Stunning Bronze Age Jewelry Hoard Unearthed in Switzerland
“An important jewelry ensemble from the Middle Bronze Age” uncovered between August and now, has been announced in Switzerland’s Güttingen. It consists of several spiked jewelry discs (14 in total), two spiral finger rings and over 100 tiny amber beads, roughly the size of pinheads, from what was a freshly ploughed carrot field in August.
Alongside this Bronze Age jewelry hoard, fossilized animal remains were discovered, and scattered loosely - a bronze arrowhead, lumps of polished ore, an ammonite (a type of extinct marine mollusk), a shark's tooth, a perforated bear's tooth, and a rock crystal!
Tweezers and Block Recovery: Archaeological Sciences
Franz Zahn uncovered this discovery in August while removing scrap metal for an unidentified farmer in the northeastern village of Güttingen, as reported in a Thurgau Canton government statement. For the amber beads, Zahn carefully plucked these out of the soil using tweezers, and then reported his finds to the local Office of Archaeology to survey the field.
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Block recovery of the find at Güttingen. (Canton of Thurgau)
They arrived the next day and determined that block recovery had to be carried out, i.e., removal of a large area of earth around the artifacts, 50x50x50 cm (19.68x19.68x19.68 in) in dimension. The earth block was carefully transported to the laboratory in Frauenfeld, where it was meticulously exposed by a skilled restorer.
The process involved documenting the finds layer by layer, enabling researchers to gain insights into the circumstances surrounding their deposition in the soil. This method of investigation was informed by a previous, similar discovery near Etzwilen, which occurred two years ago. The prior experience with the Etzwilen find contributed valuable knowledge to this new excavation.
Bronze Age Jewelry being carefully restored in the laboratory in Frauenfeld. (Canton of Thurgau)
Costume Bronze Age Jewelry: Protective and Healing Qualities?
Archaeologists have determined that these jewelry items represent "typical costume jewelry" worn by women around 1500 BC during the Bronze Age. The distinctive spiked discs, described as particularly "eye-catching," were connected with metal spirals serving as spacers. Each disc featured a narrow hole, allowing easy threading with a piece of thread or leather for wearing as an adornment, reports The Heritage Daily.
Spirals found at Güttingen. (Thurgau Canton)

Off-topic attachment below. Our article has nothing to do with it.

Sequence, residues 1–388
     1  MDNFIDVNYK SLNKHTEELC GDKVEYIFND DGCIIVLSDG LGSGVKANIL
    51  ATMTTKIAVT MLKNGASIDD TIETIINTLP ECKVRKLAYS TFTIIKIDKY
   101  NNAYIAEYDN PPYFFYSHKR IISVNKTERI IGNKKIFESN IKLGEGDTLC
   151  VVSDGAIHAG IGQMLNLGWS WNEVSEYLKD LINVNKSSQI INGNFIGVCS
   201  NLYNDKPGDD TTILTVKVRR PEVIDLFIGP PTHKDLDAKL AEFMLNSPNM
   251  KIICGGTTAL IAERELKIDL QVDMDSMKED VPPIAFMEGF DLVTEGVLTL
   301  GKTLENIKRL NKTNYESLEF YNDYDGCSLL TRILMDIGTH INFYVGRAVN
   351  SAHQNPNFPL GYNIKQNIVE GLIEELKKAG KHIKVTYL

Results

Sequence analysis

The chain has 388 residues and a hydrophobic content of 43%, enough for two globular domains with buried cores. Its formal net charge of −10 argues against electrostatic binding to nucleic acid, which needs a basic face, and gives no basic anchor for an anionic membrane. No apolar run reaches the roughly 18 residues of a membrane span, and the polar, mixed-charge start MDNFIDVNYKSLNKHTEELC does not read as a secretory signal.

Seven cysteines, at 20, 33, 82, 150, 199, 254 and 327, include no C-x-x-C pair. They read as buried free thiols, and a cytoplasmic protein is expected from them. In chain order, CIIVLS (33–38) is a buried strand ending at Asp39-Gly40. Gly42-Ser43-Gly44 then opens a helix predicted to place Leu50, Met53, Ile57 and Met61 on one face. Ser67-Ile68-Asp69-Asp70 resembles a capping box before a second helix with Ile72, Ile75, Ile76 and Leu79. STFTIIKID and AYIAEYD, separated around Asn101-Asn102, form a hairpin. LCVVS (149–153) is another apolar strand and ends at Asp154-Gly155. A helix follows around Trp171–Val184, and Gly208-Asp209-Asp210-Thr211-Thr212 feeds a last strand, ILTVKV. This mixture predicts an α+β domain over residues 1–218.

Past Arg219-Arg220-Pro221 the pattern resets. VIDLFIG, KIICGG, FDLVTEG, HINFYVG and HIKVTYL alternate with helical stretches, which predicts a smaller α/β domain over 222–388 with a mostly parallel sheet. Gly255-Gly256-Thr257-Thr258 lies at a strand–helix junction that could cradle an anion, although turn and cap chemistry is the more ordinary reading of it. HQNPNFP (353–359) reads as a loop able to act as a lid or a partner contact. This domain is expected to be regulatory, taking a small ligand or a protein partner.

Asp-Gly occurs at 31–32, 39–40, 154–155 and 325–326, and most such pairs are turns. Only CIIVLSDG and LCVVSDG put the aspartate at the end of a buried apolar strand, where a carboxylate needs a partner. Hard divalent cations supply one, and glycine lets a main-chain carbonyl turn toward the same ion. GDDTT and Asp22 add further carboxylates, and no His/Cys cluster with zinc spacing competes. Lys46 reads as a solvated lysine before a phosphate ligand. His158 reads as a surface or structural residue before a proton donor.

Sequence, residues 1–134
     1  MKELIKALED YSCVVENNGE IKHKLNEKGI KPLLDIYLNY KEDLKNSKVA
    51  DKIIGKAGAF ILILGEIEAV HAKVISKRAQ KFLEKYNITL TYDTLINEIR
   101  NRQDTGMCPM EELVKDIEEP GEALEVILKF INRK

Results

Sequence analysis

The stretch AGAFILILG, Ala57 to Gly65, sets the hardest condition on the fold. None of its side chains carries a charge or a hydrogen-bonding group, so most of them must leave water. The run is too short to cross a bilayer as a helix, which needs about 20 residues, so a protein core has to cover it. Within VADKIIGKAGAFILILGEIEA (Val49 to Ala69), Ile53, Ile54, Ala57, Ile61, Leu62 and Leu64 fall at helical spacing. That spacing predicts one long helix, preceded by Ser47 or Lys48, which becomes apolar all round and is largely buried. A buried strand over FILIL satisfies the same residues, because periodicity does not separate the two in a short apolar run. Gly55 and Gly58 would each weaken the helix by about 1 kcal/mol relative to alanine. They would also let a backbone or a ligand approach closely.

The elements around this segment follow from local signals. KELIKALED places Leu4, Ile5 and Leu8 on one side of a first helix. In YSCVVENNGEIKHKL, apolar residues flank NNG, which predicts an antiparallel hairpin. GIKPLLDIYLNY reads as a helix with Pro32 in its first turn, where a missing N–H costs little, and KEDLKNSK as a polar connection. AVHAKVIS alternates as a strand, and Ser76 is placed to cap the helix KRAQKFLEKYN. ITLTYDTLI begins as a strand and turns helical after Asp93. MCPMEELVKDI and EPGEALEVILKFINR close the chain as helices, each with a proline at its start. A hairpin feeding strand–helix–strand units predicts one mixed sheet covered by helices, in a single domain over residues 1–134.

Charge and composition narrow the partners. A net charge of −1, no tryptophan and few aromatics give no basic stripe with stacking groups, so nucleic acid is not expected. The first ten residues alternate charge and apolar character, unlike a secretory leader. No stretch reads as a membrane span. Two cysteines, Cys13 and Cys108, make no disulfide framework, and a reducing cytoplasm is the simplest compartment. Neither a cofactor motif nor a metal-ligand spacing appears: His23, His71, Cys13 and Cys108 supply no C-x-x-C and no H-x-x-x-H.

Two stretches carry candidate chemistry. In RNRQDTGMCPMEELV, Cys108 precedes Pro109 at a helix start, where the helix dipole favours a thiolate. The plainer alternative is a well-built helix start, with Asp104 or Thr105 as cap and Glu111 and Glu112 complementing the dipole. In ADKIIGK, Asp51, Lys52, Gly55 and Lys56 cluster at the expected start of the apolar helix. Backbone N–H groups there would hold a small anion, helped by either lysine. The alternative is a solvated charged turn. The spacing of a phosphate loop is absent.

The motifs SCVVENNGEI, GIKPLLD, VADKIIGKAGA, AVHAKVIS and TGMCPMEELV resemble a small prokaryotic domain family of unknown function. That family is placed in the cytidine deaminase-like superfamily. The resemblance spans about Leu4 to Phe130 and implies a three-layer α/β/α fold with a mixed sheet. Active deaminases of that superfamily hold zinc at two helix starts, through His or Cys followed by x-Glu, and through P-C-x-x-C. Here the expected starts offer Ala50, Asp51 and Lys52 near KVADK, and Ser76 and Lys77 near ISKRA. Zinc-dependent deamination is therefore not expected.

Eleven of these spirals were discovered in Güttingen, and in addition, there were eight slightly larger spirals crafted from fine gold wire, with a combined weight exceeding 21 grams. The ensemble was further complemented by over 100 amber beads and two finger rings adorned with double spirals.
This fascinating collection raises certain questions about the possibility of a jewelry box at the site, and if the rock crystals, fossils, and stones, were curiosities or souvenirs from a visit to the Klettgau region. Archaeologists also ponder if there is a deeper significance to these objects, as such items of this nature were often believed to possess special protective or healing qualities and may have been worn as amulets, reports Arkeonews.
This deposit of artifacts dates to a time when significant high cultures were thriving in places like Egypt and Crete in the Mediterranean. It's worth noting that relatively few settlements from this era are known in Thurgau. In Güttingen, for instance, a substantial Bronze Age pile-dwelling village, complete with structures built on stilts, and abundant archaeological finds, was examined near the "mouse tower" a few years ago. However, this village only came into existence around 1000 BC, indicating that the newly discovered artifacts predate this larger settlement.
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Close up of the discs and beads. (Thurgau Canton)
Although no human remains were unearthed, it is believed that these items were buried at the site, possibly within a sack or another type of organic container that has since decomposed, and there was no trace of any grave. Regardless of the burial method, researchers speculate that these artifacts held significance to the wearer and may have been seen as possessing a protective or healing quality, akin to an amulet.
The recently uncovered artifacts are currently undergoing restoration and are scheduled for display at the Museum of Archaeology in Frauenfeld next year.
Top image: Bronze Age jewelry found in Swiss carrot field. Comprising of a necklace adorned with spiked discs, an amber necklace, finger rings, gold spirals, and distinctive discoveries like a bear tooth and an ammonite. Source: Canton of Thurgau
By Sahir Pandey
Altuntas, L. 2023. Bronze Age women’s jewelry set discovered in Güttingen carrot field, Swiss. Available at: https://arkeonews.net/bronze-age-womens-jewelry-set-discovered-in-guttingen-carrot-field-swiss/.
Milligan, M. 2023. ARCHAEOLOGISTS UNCOVER BRONZE AGE TREASURE HOARD. Available at: https://www.heritagedaily.com/2023/10/archaeologists-uncover-bronze-age-treasure-hoard/148899.
Nalewicki, J. 2023. Stash of 'eye-catching' Bronze Age jewelry discovered by metal detectorist in Swiss carrot field. Available at: https://www.livescience.com/archaeology/stash-of-eye-catching-bronze-age-jewelry-discovered-by-metal-detectorist-in-swiss-carrot-field.
Thurgau Canton Press Release, Oct 2023. Bronze Age jewelry hoard discovered in Güttingen. Available at: https://www.tg.ch/news.html/485/news/66328